With an extension of the partnership, Bigelow also would be able to continue to demonstrate its technology for future commercial applications in low-Earth orbit. The public-private partnership between NASA and Bigelow supports NASA’s objective to develop deep space habitation capabilities for human missions beyond Earth orbit while fostering commercial capabilities for non-government applications to stimulate the growth of the space economy.

  • Technically, Bigelow now has 3 (count ’em THREE) facilities in orbit.
    Not bad sir.

  • Jimmy S. Overly

    I was preparing a remark about how many hotels he owns, but there are only 18 Budget Suites of America locations and they’re concentrated in 4 cities. I figured it was more than that.

  • Isn’t it heartwarming to know that a moderately successful business person can turn their passion for space into a neat business? There’s no requirement that you own the largest .com website or have are a household name.

  • Jimmy S. Overly

    Fingers crossed he ends up with more space hotels than earth hotels!

  • LOL! That’ll be the day. Now companies have to think about their domestic growth strategy, their international growth strategy and their OFF EARTH growth strategy!!!

    This will LITERALLY become a real problem. “We’ve already had great success setting up our India, Germany and LEO business units. But we are still evaluating our expansion into the GEO and Lunar markets. We are having trouble finding people with the right experience and suppliers that are used to building and delivering to those locations.”

  • Andrew Tubbiolo

    I wonder how he grew is business…. Leverage? High interest bank loans? Or organically? If it was organic then 4 cities is pretty good. Then consider 4 cities and supporting Bigellow Aerospace for over a decade. Not bad at all.

  • Jimmy S. Overly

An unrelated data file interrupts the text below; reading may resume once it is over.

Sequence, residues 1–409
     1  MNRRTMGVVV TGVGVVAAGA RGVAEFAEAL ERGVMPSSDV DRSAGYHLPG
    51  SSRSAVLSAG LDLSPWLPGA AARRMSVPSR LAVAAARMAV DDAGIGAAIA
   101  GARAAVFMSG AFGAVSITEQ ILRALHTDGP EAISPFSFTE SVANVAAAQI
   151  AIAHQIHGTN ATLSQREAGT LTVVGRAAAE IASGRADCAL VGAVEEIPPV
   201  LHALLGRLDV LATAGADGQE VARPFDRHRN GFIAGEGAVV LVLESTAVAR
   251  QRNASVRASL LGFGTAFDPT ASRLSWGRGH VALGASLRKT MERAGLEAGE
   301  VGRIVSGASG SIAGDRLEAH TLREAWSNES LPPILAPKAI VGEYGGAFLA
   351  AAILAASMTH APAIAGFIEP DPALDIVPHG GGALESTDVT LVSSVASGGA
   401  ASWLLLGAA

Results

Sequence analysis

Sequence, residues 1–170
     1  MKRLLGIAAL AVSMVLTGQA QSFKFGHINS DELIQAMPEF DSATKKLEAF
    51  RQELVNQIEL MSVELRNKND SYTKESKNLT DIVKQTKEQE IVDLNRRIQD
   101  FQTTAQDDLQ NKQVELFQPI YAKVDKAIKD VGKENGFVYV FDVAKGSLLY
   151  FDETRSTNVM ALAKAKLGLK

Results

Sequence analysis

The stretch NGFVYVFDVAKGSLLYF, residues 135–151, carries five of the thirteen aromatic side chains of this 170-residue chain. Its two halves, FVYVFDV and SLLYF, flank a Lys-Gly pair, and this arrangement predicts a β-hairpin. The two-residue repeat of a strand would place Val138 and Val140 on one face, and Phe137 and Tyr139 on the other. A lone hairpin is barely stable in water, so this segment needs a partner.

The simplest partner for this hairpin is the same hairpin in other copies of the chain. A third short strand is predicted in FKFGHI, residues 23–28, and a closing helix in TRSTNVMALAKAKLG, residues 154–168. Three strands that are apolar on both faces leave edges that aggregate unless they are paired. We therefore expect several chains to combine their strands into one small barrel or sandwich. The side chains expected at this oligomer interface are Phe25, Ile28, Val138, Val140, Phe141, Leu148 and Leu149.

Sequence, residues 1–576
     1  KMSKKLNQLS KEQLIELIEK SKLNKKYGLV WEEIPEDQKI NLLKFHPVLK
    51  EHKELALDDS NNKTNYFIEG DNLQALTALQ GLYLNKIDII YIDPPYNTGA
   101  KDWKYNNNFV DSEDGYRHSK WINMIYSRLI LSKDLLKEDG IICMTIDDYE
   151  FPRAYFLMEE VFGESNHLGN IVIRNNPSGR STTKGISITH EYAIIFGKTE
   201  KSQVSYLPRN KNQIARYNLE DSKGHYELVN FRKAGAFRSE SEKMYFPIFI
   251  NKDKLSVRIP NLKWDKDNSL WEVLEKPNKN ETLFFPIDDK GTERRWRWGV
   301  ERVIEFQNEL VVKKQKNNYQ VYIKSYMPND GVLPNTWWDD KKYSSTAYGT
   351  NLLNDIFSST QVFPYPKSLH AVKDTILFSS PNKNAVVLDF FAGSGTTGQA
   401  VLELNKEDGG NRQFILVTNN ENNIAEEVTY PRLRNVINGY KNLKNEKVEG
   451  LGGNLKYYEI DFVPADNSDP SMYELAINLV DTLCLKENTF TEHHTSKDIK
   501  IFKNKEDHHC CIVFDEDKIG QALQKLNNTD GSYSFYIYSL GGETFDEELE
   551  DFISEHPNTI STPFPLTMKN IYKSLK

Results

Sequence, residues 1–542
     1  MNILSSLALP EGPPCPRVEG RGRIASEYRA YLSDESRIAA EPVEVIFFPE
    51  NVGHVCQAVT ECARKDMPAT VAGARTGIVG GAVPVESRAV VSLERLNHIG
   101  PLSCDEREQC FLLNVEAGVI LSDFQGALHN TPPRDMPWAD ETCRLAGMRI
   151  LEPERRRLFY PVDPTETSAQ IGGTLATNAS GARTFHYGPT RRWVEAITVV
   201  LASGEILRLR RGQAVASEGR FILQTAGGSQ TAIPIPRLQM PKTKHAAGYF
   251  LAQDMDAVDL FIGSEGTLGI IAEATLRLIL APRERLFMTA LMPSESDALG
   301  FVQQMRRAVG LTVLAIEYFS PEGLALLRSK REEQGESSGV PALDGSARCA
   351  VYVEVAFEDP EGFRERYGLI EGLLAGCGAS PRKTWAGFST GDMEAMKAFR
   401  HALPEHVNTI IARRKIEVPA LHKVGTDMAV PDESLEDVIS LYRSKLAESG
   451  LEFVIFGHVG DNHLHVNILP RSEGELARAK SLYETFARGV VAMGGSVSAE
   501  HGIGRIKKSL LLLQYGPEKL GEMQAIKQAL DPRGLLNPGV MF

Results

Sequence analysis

Not to knock his achievement, but BA has expanded and contracted a few times, furloughing or laying off employees in the process. I think that’s more of the maturity of the industry vs. anything he did wrong.

  • Andrew Tubbiolo

    Oh, I may not have been clear on this. I was musing about his motel/hotel business, not BA. Sorry.

  • windbourne

    Hotel is just one business of his. His major maker is construction.

  • Vladislaw

    Bigelow built units and rented them out also .. he had built about 15000 units and bought another 8000 units… he dumped a huge amount of those units during the real estate boom and got out before the crash in 08′

  • Mr Snarky Answer

    I hope this work continues. Seems like the most efficient way to get the hab volume up (no more hamster tunnels). That said I wonder if plans like BFR and NG with much wider fairings will take the interest off expandable modules. On the other hand, you get then just make giant habs if you have 8+ meters to work with.

  • duheagle

    Nothing “technically” about it. They’re there and they’re three.

  • duheagle

    I’ll drink to that!

  • duheagle

    Only in America as the saying goes.

  • duheagle

    First World problems. How I love ’em.

  • duheagle

    More like the immaturity of the industry, but yeah.

  • duheagle

    I read one story long before Bigelow was a space tycoon in which it was said he, his wife and all his kids – I forgot how many he has – did construction work on all the early Budget Suites units alongside the contractor personnel. Talk about a family business!

  • duheagle

    The real estate bubble popped early in Vegas, where he lives. Even so, a very astute move.

  • Andrew Tubbiolo

    Thanks for that data point. The fact that he’s kept BA alive for so long says an awful lot. The US is very lucky that it has so many tycoons with a long view.